She equates this shell with her life, which has become, “Blurred with moss, knobby with barnacles, its shape hardly recognizable any more...What is the shape of my life?” And thus it begins: what do we need to survive? What is important in the baggage we carry through this existence? The shells she contemplates are singular in their beauty and opulence, yet the animals therein abandon them when they outgrow their confines, or when they shuffle off this mortal coil, to paraphrase Shakespeare. When we are gone, will our lives stand up as well? Will they indicate aesthetic beauty when they have outlived their usefulness as our lives?
Throughout, we are privy to gems of startling clarity in Lindbergh’s reflections. They leap out at us from the page. “The most exhausting thing in life, I have discovered, is being insincere. That is why so much of social life is exhausting; one is wearing a mask. I have shed my mask.” In the solace of the sea, in the reduction of life to basic elements like a walk, an evening fire, time spent reading and reflecting, we find the essence of pure existence. Is it the magic of the sea, or something about being alone? Lindbergh believes in both. “The world does not understand, in either man or woman, the need to be alone.” She returns often to this theme of solitude. However, she is not focusing on herself in solitude; in fact, she believes one must lose the self to find her bearings. One finds the self when, paradoxically, “one loses oneself,” she writes.
On the contemplation of mid-life, she writes, “Perhaps middle age is, or should be, a period of shedding shells; the shell of ambition, the shell of material accumulations and possessions, the shell of the ego.” Later she insists that “middle age, because of the false assumption that it is a period of decline, one interprets these life-signs, paradoxically, as signs of approaching death.” Not true. Middle age is the casting off of one life shell for another, a different perspective, possibly deeper due to age and acquired wisdom.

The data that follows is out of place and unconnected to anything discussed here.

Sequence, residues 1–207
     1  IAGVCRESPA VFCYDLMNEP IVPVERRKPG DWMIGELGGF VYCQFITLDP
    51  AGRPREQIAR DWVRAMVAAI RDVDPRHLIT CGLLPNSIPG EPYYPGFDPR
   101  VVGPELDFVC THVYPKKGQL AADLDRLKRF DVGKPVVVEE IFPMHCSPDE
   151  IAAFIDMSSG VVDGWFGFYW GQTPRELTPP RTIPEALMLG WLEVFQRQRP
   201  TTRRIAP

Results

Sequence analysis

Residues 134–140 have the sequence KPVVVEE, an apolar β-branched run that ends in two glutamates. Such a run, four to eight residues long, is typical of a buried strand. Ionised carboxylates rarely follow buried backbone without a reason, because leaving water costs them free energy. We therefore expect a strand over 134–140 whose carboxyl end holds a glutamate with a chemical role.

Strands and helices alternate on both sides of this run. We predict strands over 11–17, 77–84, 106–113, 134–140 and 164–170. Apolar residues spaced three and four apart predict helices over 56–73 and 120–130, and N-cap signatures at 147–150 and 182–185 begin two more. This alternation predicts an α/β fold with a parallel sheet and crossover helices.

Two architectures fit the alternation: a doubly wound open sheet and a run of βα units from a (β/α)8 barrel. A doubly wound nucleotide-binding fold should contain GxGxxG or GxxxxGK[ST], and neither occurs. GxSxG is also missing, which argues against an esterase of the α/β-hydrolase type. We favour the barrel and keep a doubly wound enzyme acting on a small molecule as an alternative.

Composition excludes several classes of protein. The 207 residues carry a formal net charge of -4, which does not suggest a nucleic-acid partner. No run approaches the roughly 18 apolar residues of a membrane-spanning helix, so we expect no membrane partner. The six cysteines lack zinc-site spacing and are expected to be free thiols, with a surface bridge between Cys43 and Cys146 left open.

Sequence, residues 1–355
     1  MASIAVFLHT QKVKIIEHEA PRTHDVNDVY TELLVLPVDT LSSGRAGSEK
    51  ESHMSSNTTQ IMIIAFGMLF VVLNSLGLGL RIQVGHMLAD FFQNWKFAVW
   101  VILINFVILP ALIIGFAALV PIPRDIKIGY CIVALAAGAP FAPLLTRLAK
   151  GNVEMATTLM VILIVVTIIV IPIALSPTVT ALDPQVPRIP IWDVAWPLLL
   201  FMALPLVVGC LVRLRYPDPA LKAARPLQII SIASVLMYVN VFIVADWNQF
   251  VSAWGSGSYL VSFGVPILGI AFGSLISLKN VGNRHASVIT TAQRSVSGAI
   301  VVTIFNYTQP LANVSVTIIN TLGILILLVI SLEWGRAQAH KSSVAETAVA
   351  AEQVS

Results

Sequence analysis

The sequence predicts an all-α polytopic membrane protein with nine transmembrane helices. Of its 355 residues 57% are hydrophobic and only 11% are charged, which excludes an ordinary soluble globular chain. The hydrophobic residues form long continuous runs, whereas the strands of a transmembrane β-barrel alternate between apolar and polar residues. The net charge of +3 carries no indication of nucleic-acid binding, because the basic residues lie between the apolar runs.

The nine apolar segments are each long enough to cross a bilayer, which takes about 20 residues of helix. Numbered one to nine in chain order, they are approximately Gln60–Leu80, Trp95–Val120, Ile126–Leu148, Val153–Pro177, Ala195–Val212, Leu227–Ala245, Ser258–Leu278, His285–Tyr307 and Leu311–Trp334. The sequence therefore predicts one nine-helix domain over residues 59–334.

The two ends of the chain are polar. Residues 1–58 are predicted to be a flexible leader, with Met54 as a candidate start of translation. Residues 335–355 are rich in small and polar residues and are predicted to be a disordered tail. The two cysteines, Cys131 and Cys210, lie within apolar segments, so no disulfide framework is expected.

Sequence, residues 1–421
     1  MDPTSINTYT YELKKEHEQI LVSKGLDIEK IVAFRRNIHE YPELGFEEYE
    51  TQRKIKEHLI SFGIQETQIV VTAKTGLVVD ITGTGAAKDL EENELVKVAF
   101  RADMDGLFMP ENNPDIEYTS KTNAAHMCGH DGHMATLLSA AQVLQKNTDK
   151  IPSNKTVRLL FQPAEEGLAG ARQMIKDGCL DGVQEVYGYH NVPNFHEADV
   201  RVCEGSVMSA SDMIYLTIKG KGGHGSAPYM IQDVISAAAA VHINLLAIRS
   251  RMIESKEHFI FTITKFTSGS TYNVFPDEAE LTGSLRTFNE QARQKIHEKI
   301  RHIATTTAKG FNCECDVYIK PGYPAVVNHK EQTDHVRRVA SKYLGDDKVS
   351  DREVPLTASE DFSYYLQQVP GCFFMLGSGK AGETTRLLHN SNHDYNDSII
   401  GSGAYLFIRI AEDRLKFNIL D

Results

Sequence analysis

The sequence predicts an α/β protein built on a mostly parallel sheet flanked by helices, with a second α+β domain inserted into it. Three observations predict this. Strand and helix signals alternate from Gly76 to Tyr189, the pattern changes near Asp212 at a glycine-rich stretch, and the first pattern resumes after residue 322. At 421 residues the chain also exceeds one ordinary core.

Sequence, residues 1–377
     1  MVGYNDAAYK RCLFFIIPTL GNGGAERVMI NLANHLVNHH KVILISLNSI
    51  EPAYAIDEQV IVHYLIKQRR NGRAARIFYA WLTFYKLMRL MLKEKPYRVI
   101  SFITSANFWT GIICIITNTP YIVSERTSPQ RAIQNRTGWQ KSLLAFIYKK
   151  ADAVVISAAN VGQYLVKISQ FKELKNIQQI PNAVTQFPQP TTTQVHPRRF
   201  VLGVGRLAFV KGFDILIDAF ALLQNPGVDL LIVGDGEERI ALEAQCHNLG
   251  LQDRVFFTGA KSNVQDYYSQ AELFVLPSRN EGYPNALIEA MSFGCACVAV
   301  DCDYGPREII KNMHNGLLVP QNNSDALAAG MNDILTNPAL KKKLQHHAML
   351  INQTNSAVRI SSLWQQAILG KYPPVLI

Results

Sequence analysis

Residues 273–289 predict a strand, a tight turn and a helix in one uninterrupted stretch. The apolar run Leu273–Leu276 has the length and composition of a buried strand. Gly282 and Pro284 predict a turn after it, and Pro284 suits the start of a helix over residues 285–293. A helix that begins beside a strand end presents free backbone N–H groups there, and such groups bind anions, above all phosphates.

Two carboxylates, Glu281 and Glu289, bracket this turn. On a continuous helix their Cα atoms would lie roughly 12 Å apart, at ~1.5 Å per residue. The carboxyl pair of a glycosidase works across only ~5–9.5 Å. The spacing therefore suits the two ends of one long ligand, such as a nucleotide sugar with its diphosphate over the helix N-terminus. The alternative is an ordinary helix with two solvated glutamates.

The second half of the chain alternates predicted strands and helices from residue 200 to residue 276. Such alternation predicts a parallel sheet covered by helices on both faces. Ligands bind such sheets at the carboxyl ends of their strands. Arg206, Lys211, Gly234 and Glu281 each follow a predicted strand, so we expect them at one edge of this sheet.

Lindbergh finalizes her thoughts by quoting Saint-Exupery, a fellow aviator and author of The Little Prince: “The life of the spirit...the veritable life, is intermittent and only the life of the mind is constant...The spirit...alternates between total vision and absolute blindness. Here is a man, for example, who loves his farm—but there are moments when he sees in it only a collection of unrelated objects. Here is a man who loves his wife—but there are moments when he sees in love nothing but burdens, hindrances, constraints. Here is a man who loves music—but there are moments when it cannot reach him.”
Here we feel the prose equivalent of Longfellow’s poem, “The Tide Rises, The Tide Falls.” We feel the pull of the tides at our feet, the stable existence of the sea in all its glory, yet the impermanence of the sand, the shifting of our lives with the ebb and flow of all existence from primordial to future tense. In contemplation of the sea, we receive the gift of perspective and what our brief candle might mean to the light of the world in total.
Lindbergh’s slim volume tells us, in the most poetic paragraphs, what the sea teaches us if we listen. She presents life’s paradoxical truths, how we can lie down by the sounding sea with all of its crashing waves and roaring tides, and sleep the peaceful slumber of infants, secure in our knowledge that the journey moves forward, and life is forever revealing its myriad gifts to those who patiently live in the moment.